Safety and efficacy of a fish-oil-based fat emulsion in the treatment of parenteral nutrition-associated liver disease. - Pediatrics
Parenteral nutrition-associated liver disease can be a progressive and fatal entity in children with short-bowel syndrome. Soybean-fat emulsions provided as part of standard parenteral nutrition may contribute to its pathophysiology.We compared safety and efficacy outcomes of a fish-oil-based fat emulsion in 18 infants with short-bowel syndrome who developed cholestasis (serum direct bilirubin level of > 2 mg/dL) while receiving soybean emulsions with those from a historical cohort of 21 infants with short-bowel syndrome who also developed cholestasis while receiving soybean emulsions. The primary end point was time to reversal of cholestasis (3 consecutive measurements of serum direct bilirubin level of < or = 2 mg/dL).Among survivors, the median time to reversal of cholestasis was 9.4 and 44.1 weeks in the fish-oil and historical cohorts, respectively. Subjects who received fish-oil-based emulsion experienced reversal of cholestasis 4.8 times faster than those who received soybean emulsions and 6.8 times faster in analysis adjusted for baseline bilirubin concentration, gestational age, and the diagnosis of necrotizing enterocolitis. A total of 2 deaths and 0 liver transplantations were recorded in the fish-oil cohort and 7 deaths and 2 transplantations in the historical cohort. The provision of fish-oil-based fat emulsion was not associated with essential fatty acid deficiency, hypertriglyceridemia, coagulopathy, infections, or growth delay.Parenteral fish-oil-based fat emulsions are safe and may be effective in the treatment of parenteral nutrition-associated liver disease.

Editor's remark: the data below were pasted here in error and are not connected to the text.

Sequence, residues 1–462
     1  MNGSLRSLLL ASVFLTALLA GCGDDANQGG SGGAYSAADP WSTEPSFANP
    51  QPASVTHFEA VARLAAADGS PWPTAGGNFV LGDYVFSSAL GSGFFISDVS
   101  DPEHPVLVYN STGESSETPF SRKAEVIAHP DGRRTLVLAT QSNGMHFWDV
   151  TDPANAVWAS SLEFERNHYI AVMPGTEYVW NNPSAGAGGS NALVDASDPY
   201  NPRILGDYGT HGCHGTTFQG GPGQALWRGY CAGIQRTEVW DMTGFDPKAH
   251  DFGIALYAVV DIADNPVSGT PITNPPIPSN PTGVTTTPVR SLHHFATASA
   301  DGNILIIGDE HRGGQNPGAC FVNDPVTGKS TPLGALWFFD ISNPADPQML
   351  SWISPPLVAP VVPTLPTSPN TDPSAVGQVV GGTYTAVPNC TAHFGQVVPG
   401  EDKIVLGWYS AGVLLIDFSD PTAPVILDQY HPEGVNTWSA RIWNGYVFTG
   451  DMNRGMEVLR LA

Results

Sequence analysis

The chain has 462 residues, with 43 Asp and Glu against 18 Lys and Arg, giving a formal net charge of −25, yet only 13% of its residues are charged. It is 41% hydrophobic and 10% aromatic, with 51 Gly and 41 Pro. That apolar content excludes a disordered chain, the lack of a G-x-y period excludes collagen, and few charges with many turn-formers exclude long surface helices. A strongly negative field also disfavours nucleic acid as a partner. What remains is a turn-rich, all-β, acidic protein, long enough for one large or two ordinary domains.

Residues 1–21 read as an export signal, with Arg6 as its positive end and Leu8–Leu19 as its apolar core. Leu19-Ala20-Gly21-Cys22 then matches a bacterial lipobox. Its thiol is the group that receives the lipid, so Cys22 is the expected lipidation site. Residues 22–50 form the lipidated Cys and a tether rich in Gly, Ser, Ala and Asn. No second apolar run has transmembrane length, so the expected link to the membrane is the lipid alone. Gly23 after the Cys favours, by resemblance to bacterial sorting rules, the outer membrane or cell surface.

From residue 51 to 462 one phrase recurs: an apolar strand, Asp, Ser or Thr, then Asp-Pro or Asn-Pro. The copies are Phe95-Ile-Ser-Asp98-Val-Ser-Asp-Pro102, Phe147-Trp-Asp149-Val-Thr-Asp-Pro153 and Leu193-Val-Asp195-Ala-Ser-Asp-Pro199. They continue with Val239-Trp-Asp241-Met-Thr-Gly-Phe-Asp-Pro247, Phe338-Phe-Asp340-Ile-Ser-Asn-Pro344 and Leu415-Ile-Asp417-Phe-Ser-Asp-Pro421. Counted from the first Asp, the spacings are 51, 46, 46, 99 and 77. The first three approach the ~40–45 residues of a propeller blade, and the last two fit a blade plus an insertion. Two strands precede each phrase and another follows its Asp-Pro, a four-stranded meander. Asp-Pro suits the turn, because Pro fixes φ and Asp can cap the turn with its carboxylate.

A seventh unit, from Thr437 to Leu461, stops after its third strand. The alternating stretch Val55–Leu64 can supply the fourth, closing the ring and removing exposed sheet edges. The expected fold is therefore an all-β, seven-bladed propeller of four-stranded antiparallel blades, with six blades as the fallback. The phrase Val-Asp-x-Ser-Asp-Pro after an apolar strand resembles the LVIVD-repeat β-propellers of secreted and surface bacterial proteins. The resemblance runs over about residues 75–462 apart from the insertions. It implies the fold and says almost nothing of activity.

A critical role for matrix metalloproteinases in liver regeneration. - The Journal of surgical research